Installing Python - Python (2016)

Python (2016)

CHAPTER 4: Installing Python

In the first chapter, we went into detail about the different implementations of the Python programming language. Before one can successfully code, one has to make sure he has the necessary tools—that means getting Python into your device. If you are lucky (read: if you have the right operating system), you might not even need to download it as it might have come pre-installed. If you wish to check if you already have Python, simply open up your system’s Command Line Interface (CLI) and type “python” (minus the quotes). If you see a response—typically comprised of the word “Python” and some build information with the version number—then you are good to go. For example, here is an example of the response that would show up when using a 32-bit Windows XP:

Python 2.7.2 (v3.4.2:ab3c023a9432, Jan9 2016, 10:11:04 [MSC v.1600 32 bit (Intel)] on win32

Type “help”, “copyright”,”credits” or “license” for more information.


Or if you are using Win 7 64-bit, then you will see the following response:

Python 2.7.2 (v3.4.2:ab3c023a9432, Jan9 2016, 10:11:04 [MSC v.1600 64 bit (AMD64)] on win32

Type “help”, “copyright”,”credits” or “license” for more information.


In case you get an error as a response, then you will need to download Python first.

Downloading Python

Fortunately, downloading Python is a breeze. It is recommended that you get the latest version, if possible in the 3.X series (since it is the one that gets the most active developments). If you prefer, you can still get the 2.X branch. Be reminded, however, that no future development of this branch is planned (with the most recent release being way back in 2010). The major implementation (CPython) is available on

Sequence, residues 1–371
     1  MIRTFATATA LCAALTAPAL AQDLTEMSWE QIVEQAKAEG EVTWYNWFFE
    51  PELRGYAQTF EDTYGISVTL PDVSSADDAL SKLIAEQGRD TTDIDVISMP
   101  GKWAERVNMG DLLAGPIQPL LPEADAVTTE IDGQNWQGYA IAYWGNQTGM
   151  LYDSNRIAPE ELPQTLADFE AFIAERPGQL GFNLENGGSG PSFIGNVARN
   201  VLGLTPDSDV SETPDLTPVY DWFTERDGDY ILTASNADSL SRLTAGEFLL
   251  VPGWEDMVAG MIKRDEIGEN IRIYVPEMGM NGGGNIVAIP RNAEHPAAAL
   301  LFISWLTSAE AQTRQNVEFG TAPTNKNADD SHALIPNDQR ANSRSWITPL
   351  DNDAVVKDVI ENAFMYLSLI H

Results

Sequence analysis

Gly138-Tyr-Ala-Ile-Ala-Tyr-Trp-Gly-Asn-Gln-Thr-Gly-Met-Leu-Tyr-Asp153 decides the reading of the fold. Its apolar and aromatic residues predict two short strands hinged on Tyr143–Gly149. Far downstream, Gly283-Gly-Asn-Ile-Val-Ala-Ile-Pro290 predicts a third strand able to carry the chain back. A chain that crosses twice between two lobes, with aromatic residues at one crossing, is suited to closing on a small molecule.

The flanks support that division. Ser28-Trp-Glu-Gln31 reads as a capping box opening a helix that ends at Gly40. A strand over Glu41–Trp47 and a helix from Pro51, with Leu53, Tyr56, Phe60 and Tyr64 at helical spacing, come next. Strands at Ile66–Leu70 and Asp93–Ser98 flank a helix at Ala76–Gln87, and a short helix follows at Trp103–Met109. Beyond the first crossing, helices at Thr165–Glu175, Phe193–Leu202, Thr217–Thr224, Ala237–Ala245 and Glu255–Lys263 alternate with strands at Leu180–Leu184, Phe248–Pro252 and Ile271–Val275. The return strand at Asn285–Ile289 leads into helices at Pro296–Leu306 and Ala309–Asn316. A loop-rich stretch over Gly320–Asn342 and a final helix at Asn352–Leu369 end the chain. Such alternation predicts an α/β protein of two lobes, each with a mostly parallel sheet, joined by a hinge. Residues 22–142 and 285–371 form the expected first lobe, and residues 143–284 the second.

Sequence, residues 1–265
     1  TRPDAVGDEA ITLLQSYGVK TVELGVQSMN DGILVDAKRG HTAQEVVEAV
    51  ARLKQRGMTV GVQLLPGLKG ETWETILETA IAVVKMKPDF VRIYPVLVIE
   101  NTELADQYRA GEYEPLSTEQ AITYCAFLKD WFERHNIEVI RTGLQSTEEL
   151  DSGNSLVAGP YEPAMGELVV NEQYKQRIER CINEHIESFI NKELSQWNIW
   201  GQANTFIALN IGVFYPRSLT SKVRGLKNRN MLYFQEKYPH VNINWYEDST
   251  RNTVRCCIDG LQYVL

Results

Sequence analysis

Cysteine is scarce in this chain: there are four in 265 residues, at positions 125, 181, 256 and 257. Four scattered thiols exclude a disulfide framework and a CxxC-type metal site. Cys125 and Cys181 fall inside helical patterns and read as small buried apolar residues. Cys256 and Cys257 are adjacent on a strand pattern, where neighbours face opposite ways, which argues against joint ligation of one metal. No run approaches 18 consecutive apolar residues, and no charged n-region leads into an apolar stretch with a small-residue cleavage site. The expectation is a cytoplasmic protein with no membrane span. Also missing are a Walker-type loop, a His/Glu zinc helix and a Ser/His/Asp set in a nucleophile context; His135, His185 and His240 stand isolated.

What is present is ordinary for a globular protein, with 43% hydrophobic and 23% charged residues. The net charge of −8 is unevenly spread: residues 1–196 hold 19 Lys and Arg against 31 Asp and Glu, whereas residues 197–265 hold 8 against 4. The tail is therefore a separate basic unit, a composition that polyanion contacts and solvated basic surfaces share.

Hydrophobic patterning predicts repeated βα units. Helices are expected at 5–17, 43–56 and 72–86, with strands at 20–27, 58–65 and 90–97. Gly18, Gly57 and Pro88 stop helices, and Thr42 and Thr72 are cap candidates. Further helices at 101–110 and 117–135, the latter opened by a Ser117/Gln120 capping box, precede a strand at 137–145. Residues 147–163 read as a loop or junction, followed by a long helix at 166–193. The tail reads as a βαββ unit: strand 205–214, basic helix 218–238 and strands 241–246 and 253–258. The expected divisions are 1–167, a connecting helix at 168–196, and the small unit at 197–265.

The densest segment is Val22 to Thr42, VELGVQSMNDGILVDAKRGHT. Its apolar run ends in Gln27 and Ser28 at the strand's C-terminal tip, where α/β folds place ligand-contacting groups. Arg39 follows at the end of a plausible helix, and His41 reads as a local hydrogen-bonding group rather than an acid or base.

Windows and Mac OSX users can easily download an installer which will do all the work that is needed to get Python to your system. If you instead use Linux (or another Unix-like operating system), then you can build the binaries from the source code itself. There are some distros in the Linux world that allow Python to be installed more easily, coming in the form of pre-made binaries. For many of the most popular Linux distros, documentation should be available on the website.

Also, do not skip ahead to this step without trying out the previous one—checking your device for any pre-installed versions of Python. Note that most Linux and Mac machines already come with a form of Python installed—almost always the 2.X branch. Remember that this is not compatible with 3.X, so if you wish to upgrade you can still download.

Python Online

In case you are working from a different device, or if you decide that downloads may pose a security risk, or in case you just want to work online for any reason -- you’re in luck. An interactive shell for the language is offered by the Python Software Foundation. This comes by the name PythonAnywhere, and is available on their website. This has more implementations than vanilla CPython, and as a plus no download or reinstallation is required. On the other hand, you will not be able to execute scripts and files from this shell, hindering the more advanced Python learners.